But why would this happen. The whole issue comes down to normalization. You know how everyone says that you can use statistics to show anything to be true? Normalization is how you do that.

When you take a poll, you choose people at random. In this case you have Republicans, Democrats and those who are undecided. In any given poll, you are not likely to have a sample set that is proportional to the whole population. That is to say that if the state has 55% Republicans and 45% Democrats, in a sample of 100 people you are not likely to randomly find 55 Republicans and 45 Democrats. So you will weight the answers from those that you do find with the population that you expect to find. So if you find 45 Republicans and 55 Democrats, you weight the answers of the Republicans so that the results should match up with what you expect to find. That is normalization.

Normalization in and of itself is not a bad thing. In fact it can be a very useful tool that will help a pollster to get more accurate data. Normalization, however, can be misused. The votemaster shows us how:

Even pollsters who were once thought to be above suspicion are now suspicious. Gallup, for example, is now normalizing its samples to include 40% Republicans, even though the 2000 exit polls showed the partisan distribution to be 39% Democratic, 35% Republican. There is scant evidence that the underlying partisan distribution has changed much since then. Other pollsters also normalize their data, but most don't say how. Normalizing the sample to ensure the proper number of women, elderly voters, etc. is legitimate provided that the pollster publicly states what has been done.


So the Gallup poll is likely to be skewed toward the Republican candidate because of the normalization figures that they are using. Moreover, the only real data that we have for what Gallup should be using is the exit polls which indicate that they are weighting the Republicans' answers far to heavily. Other pollsters may very well be doing the same thing; however, those other pollsters aren't saying how they are normalizing the data.

All of this has a purpose. As much as people say that they aren't affected by polls, that clearly isn't the case. Nothing draws a crowd like a crowd. If an undecided voter sees that Bush is ahead in a state with a lot of undecided voters, like Ohio for instance, then that person is more likely to vote for Bush. If a person sees a poll that has Kerry 15 points ahead of Bush one day and 10% behind Bush another, that person may think there is some legitimate reason not to vote for Kerry. And those who are Kerry supporters may see a myriad of disheartening polls and decide that a vote for Kerry won't make a difference so they either don't vote or vote for Nader.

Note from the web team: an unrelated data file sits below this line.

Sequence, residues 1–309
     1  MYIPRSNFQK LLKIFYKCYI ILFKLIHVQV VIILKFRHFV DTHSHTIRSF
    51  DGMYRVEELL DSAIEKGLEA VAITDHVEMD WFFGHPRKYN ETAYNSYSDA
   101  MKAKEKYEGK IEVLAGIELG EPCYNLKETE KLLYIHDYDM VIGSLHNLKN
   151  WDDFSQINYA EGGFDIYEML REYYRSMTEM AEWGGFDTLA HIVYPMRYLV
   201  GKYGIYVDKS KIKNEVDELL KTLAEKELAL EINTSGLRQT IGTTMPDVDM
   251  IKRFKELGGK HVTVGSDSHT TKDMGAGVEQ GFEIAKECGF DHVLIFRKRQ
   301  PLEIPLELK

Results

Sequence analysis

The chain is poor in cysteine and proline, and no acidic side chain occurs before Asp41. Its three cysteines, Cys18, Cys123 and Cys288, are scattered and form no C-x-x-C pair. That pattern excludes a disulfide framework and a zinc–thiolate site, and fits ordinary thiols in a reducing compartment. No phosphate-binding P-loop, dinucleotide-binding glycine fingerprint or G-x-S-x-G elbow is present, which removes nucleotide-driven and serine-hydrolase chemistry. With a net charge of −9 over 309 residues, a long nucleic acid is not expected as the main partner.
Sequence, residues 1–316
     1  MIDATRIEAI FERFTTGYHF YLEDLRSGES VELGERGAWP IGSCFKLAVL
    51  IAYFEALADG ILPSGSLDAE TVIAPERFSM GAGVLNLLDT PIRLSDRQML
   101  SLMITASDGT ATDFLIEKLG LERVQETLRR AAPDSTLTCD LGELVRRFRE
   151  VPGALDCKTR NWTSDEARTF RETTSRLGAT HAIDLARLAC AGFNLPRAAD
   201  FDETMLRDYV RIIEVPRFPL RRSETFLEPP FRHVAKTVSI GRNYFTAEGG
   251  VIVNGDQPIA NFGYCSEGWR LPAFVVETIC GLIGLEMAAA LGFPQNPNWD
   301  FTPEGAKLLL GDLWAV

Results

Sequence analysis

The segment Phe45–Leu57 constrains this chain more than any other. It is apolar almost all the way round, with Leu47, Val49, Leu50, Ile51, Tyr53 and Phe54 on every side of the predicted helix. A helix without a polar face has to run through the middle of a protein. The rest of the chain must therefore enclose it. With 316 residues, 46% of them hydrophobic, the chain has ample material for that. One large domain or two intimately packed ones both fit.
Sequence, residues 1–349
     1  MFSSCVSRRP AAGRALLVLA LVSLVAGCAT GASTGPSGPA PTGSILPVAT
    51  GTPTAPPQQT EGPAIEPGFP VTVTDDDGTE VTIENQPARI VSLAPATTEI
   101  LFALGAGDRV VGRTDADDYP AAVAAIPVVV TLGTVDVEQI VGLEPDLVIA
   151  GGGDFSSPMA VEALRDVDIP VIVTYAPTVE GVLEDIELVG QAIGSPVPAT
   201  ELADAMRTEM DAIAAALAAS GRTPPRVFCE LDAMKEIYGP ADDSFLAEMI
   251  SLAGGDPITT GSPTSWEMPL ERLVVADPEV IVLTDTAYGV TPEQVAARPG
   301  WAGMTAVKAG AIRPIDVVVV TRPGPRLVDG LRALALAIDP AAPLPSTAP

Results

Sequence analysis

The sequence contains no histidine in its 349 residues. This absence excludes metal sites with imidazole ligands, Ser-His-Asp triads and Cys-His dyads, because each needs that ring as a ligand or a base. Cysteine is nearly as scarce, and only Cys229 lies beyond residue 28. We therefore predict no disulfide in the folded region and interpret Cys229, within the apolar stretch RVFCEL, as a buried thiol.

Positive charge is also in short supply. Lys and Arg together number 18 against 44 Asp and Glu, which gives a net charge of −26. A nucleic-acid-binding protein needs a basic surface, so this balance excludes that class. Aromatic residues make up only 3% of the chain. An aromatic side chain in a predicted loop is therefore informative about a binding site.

Make no mistake about it, this is a direct result of Bush's radical pro-corporate stance. Multi-state or national polls are, of course, run by corporations. While the individual pollsters may very well have the best intentions of being fair, if they are told by their management to use a certain number to normalize with, then that's what they use. What we are seeing is that almost no pollster is above this at this point.

What I have said before and what I am saying now on the blog is that it will be Kerry by a landslide. On November 3rd everyone in the media will be dumbfounded and will be asking why Kerry won with such a large margin if all the polls were saying Bush by over 100 electoral votes. There will be accusations of scandal which will become the first hurdle of the Kerry whitehouse. It may even become the subject of a lawsuit by Bush immediately after the election.

Monday, September 27, 2004

Dollars and Cents

There are better things to talk about
Be constructive
Bear witness
We can use
Be constructive
With yer blues
And when you turned the water came in
Even when you turn the water came

Why don't you quiet down?
(I want peace and honesty, I want peace and honesty!)
Why won't you quiet down?
(I want to live in the promised land, I want to live in the promised land)
Why won't you quiet down?
(I want peace and honesty, I want peace and honesty!)
Quiet down!
(I want to live in the promised land, I want to live in the promised land)
I want to be free!

You don't live in a business world
You never go out and you never stay
We'll have goals in a liberal world
Living in times without good standing, babe
It's all over baby's crying, it's all over baby
I can see out of here

All of the planet's dead,
All over the planet so let me out of here
All over...

(Quiet down)
We are the dollars and cents and the pounds and pence and the mark and the yen and yeah
We're gonna gonna crack your little skulls
(Why don't you quiet down?)
We are the dollars and cents and the pounds and pence and the mark and the yen and yeah
(Quiet down)
We're gonna crack your little skull
we are the dollars and cents

Iraq: the hellish failure of the shock and awe free market...

Naomi Klein is by all accounts absolutely brilliant. Her book "No Logo" is the bible of any anti-globalization-minded person (No Logo is in fact sitting in my bag, waiting patiently for Eric Alterman's "What Liberal Media?" to be finished). They say that she has a way about her, an intelligence perhaps, profound knowledge of a subject maybe. Her theses are so well argued that they are simply unbreakable. Her arguments are so powerful as to inspire movements against entities like the IMF and World Bank. They even say that No Logo was the book that convinced Radiohead front man Thom Yorke to prevent any and all corporate logos from all of their tours and some say even inspired most if not all of their work post "The Bends" (Radiohead has since devised a mock logo that takes on the logo generation all on its own). Naomi Klein, in short, scares the crap out of the globalizationists.